Woman survives plunge down an elevator shaft

September 01, 1992|By New York Daily News

NEW YORK -- Jose Naranjo was retelling the chilling moment when he saw Rebecca Rosado get into the elevator Saturday night and fall into the darkness.

"Rebecca opened the elevator door and I saw her fall," said Jose, 13, a family friend. "I tried to open the door but I couldn't.

"She was screaming and I felt terrible," he added. "There was nothing I could do."

But Ms. Rosado, who survived the 13-story fall down a housing project elevator shaft, managed to do fine, armed with a fierce will to live, fast hands and a refusal to leave her three daughters motherless.

Authorities yesterday marveled at her survival.

"Miss Rosado should go to church and thank God she's alive," said Dr. Sal Degliuomini, an emergency room doctor at Brooklyn's Maimonides Medical Center. "Falling down 13 stories in an elevator shaft is something no one can survive."

Housing Police Chief Vincent Pizzo said, "It's almost a miracle that lady is alive."

Ms. Rosado, 30, who survived by clutching an elevator cable and thinking of "my three brats," was in stable condition at Bellevue Hospital with broken ankles and cuts and bruises.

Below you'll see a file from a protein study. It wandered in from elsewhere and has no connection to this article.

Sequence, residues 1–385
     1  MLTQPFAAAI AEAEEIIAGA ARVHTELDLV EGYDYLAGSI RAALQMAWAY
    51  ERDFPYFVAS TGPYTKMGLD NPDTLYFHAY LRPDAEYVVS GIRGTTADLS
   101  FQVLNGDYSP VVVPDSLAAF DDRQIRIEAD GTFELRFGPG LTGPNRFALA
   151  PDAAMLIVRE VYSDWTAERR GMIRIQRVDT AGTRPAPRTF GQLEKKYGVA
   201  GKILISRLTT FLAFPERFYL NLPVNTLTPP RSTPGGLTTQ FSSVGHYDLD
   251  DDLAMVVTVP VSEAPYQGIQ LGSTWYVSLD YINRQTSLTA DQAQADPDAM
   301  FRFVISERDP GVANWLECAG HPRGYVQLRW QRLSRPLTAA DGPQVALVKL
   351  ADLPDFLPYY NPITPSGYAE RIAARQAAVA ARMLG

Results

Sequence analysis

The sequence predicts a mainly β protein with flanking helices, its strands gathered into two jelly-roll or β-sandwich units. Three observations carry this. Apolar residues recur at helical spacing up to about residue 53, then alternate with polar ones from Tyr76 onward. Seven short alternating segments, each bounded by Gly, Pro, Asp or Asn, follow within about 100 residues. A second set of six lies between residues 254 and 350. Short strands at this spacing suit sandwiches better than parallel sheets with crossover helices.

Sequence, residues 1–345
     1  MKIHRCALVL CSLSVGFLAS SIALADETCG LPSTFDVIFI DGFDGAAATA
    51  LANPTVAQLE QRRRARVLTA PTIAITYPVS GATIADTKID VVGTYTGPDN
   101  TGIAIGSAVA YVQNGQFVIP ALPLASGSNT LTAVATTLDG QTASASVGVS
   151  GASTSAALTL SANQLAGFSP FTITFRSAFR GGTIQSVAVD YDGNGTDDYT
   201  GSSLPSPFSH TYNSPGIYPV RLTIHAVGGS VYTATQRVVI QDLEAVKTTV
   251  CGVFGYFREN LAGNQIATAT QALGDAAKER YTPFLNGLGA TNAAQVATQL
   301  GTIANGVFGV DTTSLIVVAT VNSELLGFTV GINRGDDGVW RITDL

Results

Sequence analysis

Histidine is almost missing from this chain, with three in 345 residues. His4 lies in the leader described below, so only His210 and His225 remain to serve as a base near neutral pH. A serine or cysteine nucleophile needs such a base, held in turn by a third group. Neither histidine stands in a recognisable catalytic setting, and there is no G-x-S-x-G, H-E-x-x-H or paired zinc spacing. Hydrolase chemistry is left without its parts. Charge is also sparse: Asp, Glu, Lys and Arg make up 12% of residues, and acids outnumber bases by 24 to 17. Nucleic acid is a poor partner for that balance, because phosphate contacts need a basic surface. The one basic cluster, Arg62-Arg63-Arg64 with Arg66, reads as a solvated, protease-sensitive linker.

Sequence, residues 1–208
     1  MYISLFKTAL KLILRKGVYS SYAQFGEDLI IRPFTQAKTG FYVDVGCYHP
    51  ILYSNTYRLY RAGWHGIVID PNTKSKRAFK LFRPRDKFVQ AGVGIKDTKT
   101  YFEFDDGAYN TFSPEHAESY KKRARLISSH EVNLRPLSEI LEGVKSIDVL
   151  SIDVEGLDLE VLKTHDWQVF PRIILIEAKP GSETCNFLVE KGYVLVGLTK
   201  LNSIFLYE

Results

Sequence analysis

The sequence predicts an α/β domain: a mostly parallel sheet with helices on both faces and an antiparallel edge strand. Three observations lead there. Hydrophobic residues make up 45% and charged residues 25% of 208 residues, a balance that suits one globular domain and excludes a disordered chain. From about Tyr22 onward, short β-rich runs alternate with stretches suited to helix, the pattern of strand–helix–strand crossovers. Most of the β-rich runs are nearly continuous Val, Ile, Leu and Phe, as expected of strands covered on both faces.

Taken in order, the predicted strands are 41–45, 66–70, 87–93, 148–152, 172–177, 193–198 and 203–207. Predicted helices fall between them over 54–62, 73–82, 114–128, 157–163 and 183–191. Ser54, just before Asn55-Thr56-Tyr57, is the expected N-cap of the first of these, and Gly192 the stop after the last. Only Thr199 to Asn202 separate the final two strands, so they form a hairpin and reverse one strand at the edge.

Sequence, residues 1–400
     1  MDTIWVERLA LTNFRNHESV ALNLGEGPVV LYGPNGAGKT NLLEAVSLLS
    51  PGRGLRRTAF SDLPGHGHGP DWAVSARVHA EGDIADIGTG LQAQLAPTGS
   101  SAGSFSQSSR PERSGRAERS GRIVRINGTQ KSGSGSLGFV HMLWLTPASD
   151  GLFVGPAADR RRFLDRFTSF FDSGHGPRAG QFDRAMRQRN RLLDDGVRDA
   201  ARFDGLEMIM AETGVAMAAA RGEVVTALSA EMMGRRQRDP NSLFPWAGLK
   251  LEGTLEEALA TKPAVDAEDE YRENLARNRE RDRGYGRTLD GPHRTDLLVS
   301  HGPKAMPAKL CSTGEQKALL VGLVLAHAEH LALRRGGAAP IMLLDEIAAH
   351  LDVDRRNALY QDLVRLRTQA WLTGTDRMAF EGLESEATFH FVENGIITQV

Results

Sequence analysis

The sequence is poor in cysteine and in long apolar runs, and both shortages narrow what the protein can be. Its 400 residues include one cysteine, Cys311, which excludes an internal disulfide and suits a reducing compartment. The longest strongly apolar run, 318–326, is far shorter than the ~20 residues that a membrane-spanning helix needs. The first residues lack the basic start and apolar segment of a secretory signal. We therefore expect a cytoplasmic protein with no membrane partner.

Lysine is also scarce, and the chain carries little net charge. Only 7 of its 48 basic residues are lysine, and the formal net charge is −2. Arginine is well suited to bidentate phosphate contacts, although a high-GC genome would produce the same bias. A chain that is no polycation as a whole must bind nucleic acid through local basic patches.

She told the Daily News yesterday that she felt achy but wants to get home to her children as soon as possible.

"We spoke on the phone and they asked me where I was," she said. "I told them I was in the hospital and they started crying. I cried.

"I told them I had some boo-boos to take care of," she said. "I miss my little brats."

Ms. Rosado had dropped off her daughters -- 4-year-old twins and a 2-year-old -- at a friend's apartment before falling down the elevator shaft at the lower East Side's Lillian Wald Houses when the doors opened even though the car was not there.

A Housing Authority spokeswoman said yesterday the elevator has been out of service five times since May 25.

Its problems "could be anything to everything . . . ranging from half an hour to 1 1/2 hours like obstruction of a car door," said spokeswoman Jeanne Nathan. She said an investigation was continuing.

She declined to give details of specific repairs or problems with the elevator, which was out of service yesterday.

Ms. Rosado is the first person to fall down a Housing Authority elevator shaft this year, Ms. Nathan said.

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